By Benjamin Fleshman
My first exposure to the world of contract management, construction contractors and subcontractors was relatively small. I was hired on by a subcontractor to install cabinets in a new high school in the area over the summer before I went back to school in the fall.
I didn’t learn anyone’s name, really, as I kept mostly to myself, but I could see the framers doing their work, the painters doing theirs, the grounds crew getting on with it, and the architect, project manager, and contractors meandering around in their colored vests, observing. There were a dozen other trades on that work site, and it occurred to me that someone had to be organizing the whole thing.
That’s the trick, isn’t it? Someone has to be organizing all of these different trades, especially in a day and age with such intricate construction management. Someone has to be in charge of assigning positions to subcontractors, checking up on things, and making sure that everything runs smoothly. Even though my inexperienced self might have looked at the construction manager’s air conditioned trailer with the jealous eyes of an exhausted, overheated 20-year old, they have a hard job. Their job doesn’t have to be hard, though.
Allow me to explain. I obviously don’t work in construction anymore (hence the article that you are currently reading), but I do know something about the way that contractors and subcontractors get the jobs that they get, and thus the payment that they need. When you boil it down, it’s all done through procuring services through contracts.
You’ve gone over the budget for the project, the design of the building in question, the amount of risk that you’re willing to take on the project, the amount of control you’re willing to delegate to subcontractors, but what you really need now are the subcontractors. The most common method of procurement is the Design-Bid-Build method. In fact, according to CMAA, 60%of contracts are procured through this method. The next most common are Construction Management at Risk, holding 25% of the procured contracts, and Design-Build with 15%. You might even be one of the less than 1% of people that uses Integrated Project Delivery. If you aren’t sure which sort of procurement system to use, or what contract would work best for your circumstance, check out this article that should help clear up some questions you may have.
Whatever system your company uses, the easiest way to manage your procurement contracts is with a cloud based system.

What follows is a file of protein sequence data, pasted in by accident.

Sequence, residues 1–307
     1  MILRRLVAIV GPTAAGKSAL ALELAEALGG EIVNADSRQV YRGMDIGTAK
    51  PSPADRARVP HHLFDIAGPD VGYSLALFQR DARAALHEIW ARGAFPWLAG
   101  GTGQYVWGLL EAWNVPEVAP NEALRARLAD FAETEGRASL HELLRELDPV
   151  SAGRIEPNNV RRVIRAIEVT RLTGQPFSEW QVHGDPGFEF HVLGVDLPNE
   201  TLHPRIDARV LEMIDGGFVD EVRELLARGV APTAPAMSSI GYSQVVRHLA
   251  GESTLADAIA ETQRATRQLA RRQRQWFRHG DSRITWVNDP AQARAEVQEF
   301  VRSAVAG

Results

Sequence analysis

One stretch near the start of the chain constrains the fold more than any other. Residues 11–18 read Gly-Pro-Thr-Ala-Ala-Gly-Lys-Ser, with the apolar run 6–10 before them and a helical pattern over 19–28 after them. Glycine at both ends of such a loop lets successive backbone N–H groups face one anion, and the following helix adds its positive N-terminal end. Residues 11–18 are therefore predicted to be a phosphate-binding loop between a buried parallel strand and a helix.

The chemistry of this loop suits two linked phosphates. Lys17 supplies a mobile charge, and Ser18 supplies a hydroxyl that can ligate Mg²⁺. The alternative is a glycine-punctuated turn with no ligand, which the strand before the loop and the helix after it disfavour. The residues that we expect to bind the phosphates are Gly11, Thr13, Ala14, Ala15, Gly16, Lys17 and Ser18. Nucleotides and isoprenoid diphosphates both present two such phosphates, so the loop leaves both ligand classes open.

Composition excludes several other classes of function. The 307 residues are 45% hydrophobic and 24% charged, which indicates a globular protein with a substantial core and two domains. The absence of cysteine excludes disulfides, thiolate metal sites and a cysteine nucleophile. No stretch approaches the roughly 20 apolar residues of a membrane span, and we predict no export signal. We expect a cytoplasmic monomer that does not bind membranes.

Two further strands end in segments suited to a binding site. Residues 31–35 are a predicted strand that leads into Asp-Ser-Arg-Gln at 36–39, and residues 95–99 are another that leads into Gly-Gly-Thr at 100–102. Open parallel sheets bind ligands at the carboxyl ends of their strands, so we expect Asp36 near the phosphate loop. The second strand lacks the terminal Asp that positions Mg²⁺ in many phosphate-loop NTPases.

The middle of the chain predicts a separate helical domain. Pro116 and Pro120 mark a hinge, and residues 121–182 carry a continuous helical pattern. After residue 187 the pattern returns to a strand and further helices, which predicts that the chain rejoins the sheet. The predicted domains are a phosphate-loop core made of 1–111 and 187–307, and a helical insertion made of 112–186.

A cloud-based contract management system, like Concord Worldwide, holds all of your contracts in a single location, so you don’t need to hunt around in filing cabinets for them. There are even templates that you can access to save time drafting the contracts.
What’s more, when you’re still negotiating the terms of the contract in question with subcontractors, you can easily access and edit the contract to accommodate. The instant their bid is accepted, you can incorporate it into the contract. You can review the contract easily before you sign it, to clarify errors or inconsistencies that you might have missed before you sign it.
Yes, these are all things that you could potentially do with paper copies, but the beauty of an online contract management system is the superior speed at which you can act. You don’t need to print and reprint contracts, because it’s all electronic. You don’t really even need to meet in person, because you can sign the document electronically for the contract to be legally binding. Reducing the times for meetings, editing, rehashing, and reformulating the contract before it’s ever signed can save you a lot of time. In fact, 18% of an enterprise’s sales cycle, including construction management, is spent on contract creation, negotiation, and approval. According to Aberdeen Group, reducing your cycle by even one day can save approximately $80,000.
If you’re curious about what else a cloud based contract management system can do for your company, check out Concord and see what other costs you could save.
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